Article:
12 SEPTEMBER 2016
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Island enthusiast Richard Cawthorne renews acquaintance with an intriguing destination far out in the Indian Ocean.
A long-standing fascination with tropical islands, fuelled by a recent sojourn in Jamaica working with the Jamaica Tourist Board, drew me to the Seychelles. My initial experience of the Caribbean was a good foretaste, but this was something different, a destination in exactly the opposite direction and, unlike the relatively-crowded region in which I had been working, a thousand miles from anywhere. This was brought home to me on my first visit, entailing a 13hr flight from the UK far out into the Indian Ocean to the main island of Mahé. The Seychelles is made up of several such tiny drops of varying size in a very big sea; the other two chief ones and most accessible being Praslin and La Digue.
Airline economics being what they are, non-stops were later ended and the destination, though popular, remains a second-tier favourite with UK visitors because of it. Air Seychelles flights, featured by Virgin Holidays among other UK tour operators serving the islands, depart twice a week from Heathrow on Fridays and Sundays with a stop in Italy, although with no change of aircraft. Links are also provided by Etihad, which owns 40% of Air Seychelles, via Dubai. In 2015, more than 270,000 tourists visited Seychelles, the main markets being France, Germany, Italy, the UAE, the UK, China, South Africa, the Russian Federation, Switzerland, and India.
Among European nations, it is the French whose influence is still most evident here, although the islands are and have long been proudly independent and have an atmosphere and charm very much their own. To quote the brochures, it is a land of white-sand beaches – by far the leading attraction, along with their attendant upmarket hotels – plus world-renowned coral reefs and steep hillsides covered in coconut, cinnamon and banana plantations. Loafing, diving and boating, possibly in that order, are top pursuits for visitors.
Then there are the forests, wild orchids and more, most famously to be found with other wonders in the Vallée de Mai nature reserve on Praslin. Local legend has it this was the original site of the Garden of Eden, a view shared by early visitor General Gordon, of Khartoum fame. It is also a Unesco world heritage site, the body describing it as having “the vestiges of a natural palm forest preserved in almost its original state”. The valley is also one of only two places where the rare coco de mer palm grows in its natural state, the other being the nearby island of Curieuse. Island-hopping, by boat or plane, is a popular way to see the contrasts.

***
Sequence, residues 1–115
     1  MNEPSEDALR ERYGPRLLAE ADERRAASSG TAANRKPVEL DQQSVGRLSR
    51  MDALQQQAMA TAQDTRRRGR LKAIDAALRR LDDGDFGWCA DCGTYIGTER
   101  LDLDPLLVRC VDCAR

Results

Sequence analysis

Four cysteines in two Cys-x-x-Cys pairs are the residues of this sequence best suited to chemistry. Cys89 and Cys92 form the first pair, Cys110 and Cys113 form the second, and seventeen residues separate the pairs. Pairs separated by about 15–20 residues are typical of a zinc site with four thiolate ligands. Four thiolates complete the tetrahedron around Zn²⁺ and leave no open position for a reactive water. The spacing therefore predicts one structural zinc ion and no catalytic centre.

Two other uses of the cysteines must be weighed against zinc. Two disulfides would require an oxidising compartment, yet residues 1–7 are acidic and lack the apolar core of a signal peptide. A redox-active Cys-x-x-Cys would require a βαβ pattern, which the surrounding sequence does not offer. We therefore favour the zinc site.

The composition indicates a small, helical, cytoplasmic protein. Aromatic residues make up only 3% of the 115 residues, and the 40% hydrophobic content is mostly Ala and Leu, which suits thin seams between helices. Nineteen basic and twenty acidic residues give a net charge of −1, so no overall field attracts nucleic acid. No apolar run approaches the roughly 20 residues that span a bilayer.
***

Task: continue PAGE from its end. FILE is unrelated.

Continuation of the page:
A large part of the promotional effort to entice visitors to the islands falls to the national carrier. A relatively-young company, Air Seychelles was established in 1978 and began long-haul service in 1983. Its fleet consists of one 254-passenger A330-200 and two 136-passenger A320-200s, plus four DHC-6 Twin Otter-400s and two Twin Otter 300s each carrying 19 passengers.
The latest economic survey of the islands says the airline in 2016 is expected to carry close to 549,000 passengers, some 348,000 of whom will travel to and from the Seychelles. Among these, some 106,000 will be international visitors predominantly from Europe, Africa and Asia, whose tourism-related spending on accommodation, food, and leisure activities will amount to US$170m. Air Seychelles’ domestic services, an integral part of the Seychelles’ aviation network, will carry 201,000 passengers in 2016 on scheduled flights to and from Praslin and charter flights to other islands in the archipelago.
Another major player is Emirates, which carried more than 180,000 passengers to and from the Seychelles in the 2015/16 financial year and recently renewed its support for tourism there by extending its global marketing agreement with the islands’ tourist board. Regional senior vice-president for commercial operations Orhan Abbas said: “The Seychelles is a very important destination to Emirates, and this explains why we are renewing our commitment to promote the islands’ attractions around our global network.” He said the new programme would involve developing a series of joint activities with the Seychelles aiming to increase the visibility of the destination with Emirates’ clients, including tourism trade shows and fairs, familiarisation trips, product presentations and workshops.
In June 2015, Emirates increased its capacity to the Seychelles, when it switched from the A330-200 used on one of the two daily services to a larger Boeing 777-300ER. Its introduction increased overall capacity on the route by 1,722 seats per week and made the route an all-B777 operation.
Waiting to greet the visitors is a collection of top hotels and a sprinkling of B&B and boutique places to stay. Leading contenders include Le Méridien Fisherman’s Cove, Four Seasons Seychelles and Banyan Tree Seychelles, all on Mahé; the Constance Lémuria, spread over three white-sand beaches on Praslin, and the Hilton Seychelles Labriz Resort on the third-biggest island, Silhouette, ideal for snorkellers.
As for finding somewhere to eat, TripAdvisor lists 156 restaurants around the islands, 26 of them in and around Victoria, the capital and only town on Mahé. The Mahé collection includes La Pause and Del Place, both in Victoria, and La Perle Noire at Beau Vallon. On La Digue, look for Chez Jules; on Praslin, a popular choice is Restaurant Paradisier.
Cruise regulars should note that the islands are on most around-the-world itineraries, with Cunard's namesake the latest to visit Victoria.
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